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At ACMG, Labs From Baylor, GeneDx Present First Experience With Prenatal Exome Sequencing

NEW YORK (GenomeWeb) – Clinical whole-exome sequencing has been used successfully to diagnose thousands of pediatric and adult patients with genetic diseases. A number of clinical testing labs, including at Baylor College of Medicine and GeneDx, have now started to explore exome sequencing in a prenatal setting, which presents some unique challenges because it requires quick turnaround times and because genetic defects may present differently in a fetus than once a child is born.

At the American College of Medical Genetics annual meeting in Tampa last week, Magdalena Walkiewicz from Baylor College of Medicine and Carin Yates from GeneDx presented initial findings of their respective labs from exome sequencing of fetal DNA samples.

Baylor Miraca Genetics Laboratory has been offering a trio exome sequencing test specifically designed for a prenatal setting since the spring of last year, after receiving several requests for exome sequencing on ongoing pregnancies.

For the prenatal application, the lab adapted its standard exome sequencing approach in several ways, optimizing library construction and exome capture, increasing sequencing coverage, and reducing the workflow from 20 days to less than three days, Walkiewicz said. It also validated the test, which has a turnaround time of two to three weeks, on DNA derived from amniocentesis and chorionic villus sampling.

Improvements to the test, currently in its third version, continue, in particular to increase coverage. At the moment, it provides full coverage for more than 3,600 disease genes listed in the Online Mendelian Inheritance in Man database.

After some debate, the Baylor team decided to report two categories of findings for the prenatal exome: disease genes related to the prenatal test indication, and disease genes unrelated to the prenatal presentation but likely to cause severe childhood disorders. The report includes both pathogenic and likely pathogenic variants, and, in certain cases, variants of unknown significance. VUS are included, for example, for recessive disorders where the lab identifies one pathogenic variant as well as one VUS in a trans configuration.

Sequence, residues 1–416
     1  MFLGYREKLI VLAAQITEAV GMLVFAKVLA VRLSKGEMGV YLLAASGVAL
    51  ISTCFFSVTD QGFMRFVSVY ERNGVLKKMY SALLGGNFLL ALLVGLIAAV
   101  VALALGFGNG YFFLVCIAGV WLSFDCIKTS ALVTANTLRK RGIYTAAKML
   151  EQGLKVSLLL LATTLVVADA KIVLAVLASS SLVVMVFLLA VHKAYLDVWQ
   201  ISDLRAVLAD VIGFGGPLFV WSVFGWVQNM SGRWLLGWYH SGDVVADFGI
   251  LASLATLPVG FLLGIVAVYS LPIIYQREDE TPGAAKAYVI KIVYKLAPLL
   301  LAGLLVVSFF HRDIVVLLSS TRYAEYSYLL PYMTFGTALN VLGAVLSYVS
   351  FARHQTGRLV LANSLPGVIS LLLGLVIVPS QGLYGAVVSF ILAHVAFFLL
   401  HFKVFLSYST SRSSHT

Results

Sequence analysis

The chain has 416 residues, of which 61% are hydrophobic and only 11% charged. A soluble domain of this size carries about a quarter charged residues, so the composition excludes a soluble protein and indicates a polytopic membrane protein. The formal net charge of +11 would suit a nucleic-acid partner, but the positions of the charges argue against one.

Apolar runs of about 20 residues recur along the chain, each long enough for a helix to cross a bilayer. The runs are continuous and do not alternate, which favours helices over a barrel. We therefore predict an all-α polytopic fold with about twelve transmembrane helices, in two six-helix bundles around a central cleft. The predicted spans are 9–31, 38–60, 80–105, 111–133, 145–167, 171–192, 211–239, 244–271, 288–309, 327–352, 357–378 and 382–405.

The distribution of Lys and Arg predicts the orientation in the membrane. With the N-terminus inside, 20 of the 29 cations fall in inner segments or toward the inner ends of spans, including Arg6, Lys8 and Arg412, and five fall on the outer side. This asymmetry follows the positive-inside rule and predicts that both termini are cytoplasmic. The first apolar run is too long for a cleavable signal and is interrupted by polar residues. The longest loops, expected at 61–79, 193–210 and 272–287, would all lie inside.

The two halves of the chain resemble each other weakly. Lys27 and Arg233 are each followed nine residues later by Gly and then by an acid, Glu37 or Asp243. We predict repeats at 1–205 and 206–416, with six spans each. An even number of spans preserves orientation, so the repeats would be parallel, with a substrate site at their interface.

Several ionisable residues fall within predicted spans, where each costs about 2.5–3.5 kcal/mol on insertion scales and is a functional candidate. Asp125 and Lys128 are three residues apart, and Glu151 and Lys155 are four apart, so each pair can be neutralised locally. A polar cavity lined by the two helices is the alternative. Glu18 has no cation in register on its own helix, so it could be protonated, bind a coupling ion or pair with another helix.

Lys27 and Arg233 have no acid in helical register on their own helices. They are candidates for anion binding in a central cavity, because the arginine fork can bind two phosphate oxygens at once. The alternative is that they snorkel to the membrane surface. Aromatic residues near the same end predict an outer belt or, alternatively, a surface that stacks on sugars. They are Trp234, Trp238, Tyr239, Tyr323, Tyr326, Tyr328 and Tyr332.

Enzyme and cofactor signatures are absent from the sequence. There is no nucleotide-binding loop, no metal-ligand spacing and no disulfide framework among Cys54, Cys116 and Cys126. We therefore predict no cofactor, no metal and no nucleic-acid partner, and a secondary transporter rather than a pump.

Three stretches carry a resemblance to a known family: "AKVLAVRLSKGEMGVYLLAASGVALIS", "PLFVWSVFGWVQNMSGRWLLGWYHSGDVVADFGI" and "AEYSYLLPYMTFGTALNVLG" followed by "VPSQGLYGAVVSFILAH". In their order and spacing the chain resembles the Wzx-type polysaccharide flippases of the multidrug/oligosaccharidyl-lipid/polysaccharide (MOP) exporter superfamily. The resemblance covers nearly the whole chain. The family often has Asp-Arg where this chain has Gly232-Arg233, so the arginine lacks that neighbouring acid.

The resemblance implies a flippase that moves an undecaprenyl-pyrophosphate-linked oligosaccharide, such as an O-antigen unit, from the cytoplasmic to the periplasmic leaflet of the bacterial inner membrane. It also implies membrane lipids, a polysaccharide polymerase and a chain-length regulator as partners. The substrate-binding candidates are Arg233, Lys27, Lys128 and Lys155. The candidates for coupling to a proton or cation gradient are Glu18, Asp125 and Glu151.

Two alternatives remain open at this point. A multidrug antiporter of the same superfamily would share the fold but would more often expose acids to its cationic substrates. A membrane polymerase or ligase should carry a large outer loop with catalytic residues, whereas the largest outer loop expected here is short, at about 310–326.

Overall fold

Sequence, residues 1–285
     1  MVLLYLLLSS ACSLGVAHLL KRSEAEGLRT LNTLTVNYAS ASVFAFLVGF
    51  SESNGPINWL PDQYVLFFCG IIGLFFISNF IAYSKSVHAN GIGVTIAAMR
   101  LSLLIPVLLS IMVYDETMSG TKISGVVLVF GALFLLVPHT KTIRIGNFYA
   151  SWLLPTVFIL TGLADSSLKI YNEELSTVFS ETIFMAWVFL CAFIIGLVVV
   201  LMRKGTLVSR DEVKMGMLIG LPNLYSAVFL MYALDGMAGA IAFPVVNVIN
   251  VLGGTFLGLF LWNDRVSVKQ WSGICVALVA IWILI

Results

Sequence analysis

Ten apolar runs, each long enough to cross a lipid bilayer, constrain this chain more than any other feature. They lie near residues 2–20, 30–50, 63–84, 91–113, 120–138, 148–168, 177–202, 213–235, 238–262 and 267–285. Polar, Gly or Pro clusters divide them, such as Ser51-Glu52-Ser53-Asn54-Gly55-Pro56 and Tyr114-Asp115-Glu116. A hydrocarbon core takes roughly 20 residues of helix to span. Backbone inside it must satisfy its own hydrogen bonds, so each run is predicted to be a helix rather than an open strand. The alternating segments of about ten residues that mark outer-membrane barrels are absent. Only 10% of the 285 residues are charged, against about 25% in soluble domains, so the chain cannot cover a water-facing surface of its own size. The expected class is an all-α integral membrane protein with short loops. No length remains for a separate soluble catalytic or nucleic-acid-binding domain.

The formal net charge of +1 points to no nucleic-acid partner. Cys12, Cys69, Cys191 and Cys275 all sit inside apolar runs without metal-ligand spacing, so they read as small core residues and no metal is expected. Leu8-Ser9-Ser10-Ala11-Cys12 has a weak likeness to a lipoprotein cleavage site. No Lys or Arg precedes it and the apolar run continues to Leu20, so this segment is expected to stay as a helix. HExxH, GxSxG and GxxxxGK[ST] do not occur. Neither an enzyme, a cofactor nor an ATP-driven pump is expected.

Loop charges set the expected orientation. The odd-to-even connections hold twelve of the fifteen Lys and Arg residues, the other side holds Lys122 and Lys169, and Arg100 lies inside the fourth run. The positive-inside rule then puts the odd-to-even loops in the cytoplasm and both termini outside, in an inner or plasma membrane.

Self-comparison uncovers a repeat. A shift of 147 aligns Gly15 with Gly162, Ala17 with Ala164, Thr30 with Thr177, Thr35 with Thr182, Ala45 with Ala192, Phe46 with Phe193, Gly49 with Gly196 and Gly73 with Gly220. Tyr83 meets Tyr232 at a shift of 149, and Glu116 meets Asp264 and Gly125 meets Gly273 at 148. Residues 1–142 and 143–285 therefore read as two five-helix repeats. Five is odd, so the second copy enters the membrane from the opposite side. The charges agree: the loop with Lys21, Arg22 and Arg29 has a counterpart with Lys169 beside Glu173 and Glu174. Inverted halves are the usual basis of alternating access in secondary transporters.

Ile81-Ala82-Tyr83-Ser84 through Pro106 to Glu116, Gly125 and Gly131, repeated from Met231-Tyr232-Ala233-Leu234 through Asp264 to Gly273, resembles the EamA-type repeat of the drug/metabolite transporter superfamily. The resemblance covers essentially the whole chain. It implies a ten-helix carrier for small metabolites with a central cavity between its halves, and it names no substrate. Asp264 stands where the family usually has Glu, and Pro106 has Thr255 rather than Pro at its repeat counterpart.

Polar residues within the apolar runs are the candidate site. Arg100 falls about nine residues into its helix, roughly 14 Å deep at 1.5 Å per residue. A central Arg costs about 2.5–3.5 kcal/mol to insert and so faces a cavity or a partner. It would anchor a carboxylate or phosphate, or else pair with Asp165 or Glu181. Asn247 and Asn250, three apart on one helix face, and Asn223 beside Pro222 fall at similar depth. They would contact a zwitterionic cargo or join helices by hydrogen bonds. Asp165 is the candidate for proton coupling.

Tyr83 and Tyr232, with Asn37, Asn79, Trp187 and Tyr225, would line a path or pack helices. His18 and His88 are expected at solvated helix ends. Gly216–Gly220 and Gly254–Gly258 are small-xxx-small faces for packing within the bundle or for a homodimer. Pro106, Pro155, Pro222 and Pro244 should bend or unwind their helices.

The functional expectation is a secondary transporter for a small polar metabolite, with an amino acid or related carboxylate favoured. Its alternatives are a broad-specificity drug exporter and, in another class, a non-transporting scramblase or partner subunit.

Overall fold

So far, Baylor has performed prenatal exome sequencing for 72 consecutive cases, providing reports within the promised turnaround time for 90 percent of them.

For 18 of the 52 consecutive cases for which Walkiewicz provided data in her presentation, or 35 percent, they were able to obtain a molecular diagnosis. Of these, nine were autosomal recessive conditions, eight were autosomal dominant diseases, and one was an X-linked disorder.

Walkiewicz said that so far, parents and their doctors have mostly used the test results for managing a child's disease post-delivery, but since the lab has started to return results from samples obtained at 14 to 16 weeks of gestation, they have also been used for making decisions about pregnancy termination.

A total of 30 fetal samples were obtained from amniotic fluid; 14 were tissue samples from products of conception, which are placental or fetal tissue remnants in the uterus after delivery, miscarriage, or pregnancy termination; and four each came from CVS and fetal cord blood, respectively.

Thirty-seven cases were proband-only exomes, of which they solved 12, or 32 percent, and 15 were trio exomes, of which they solved six, or 40 percent.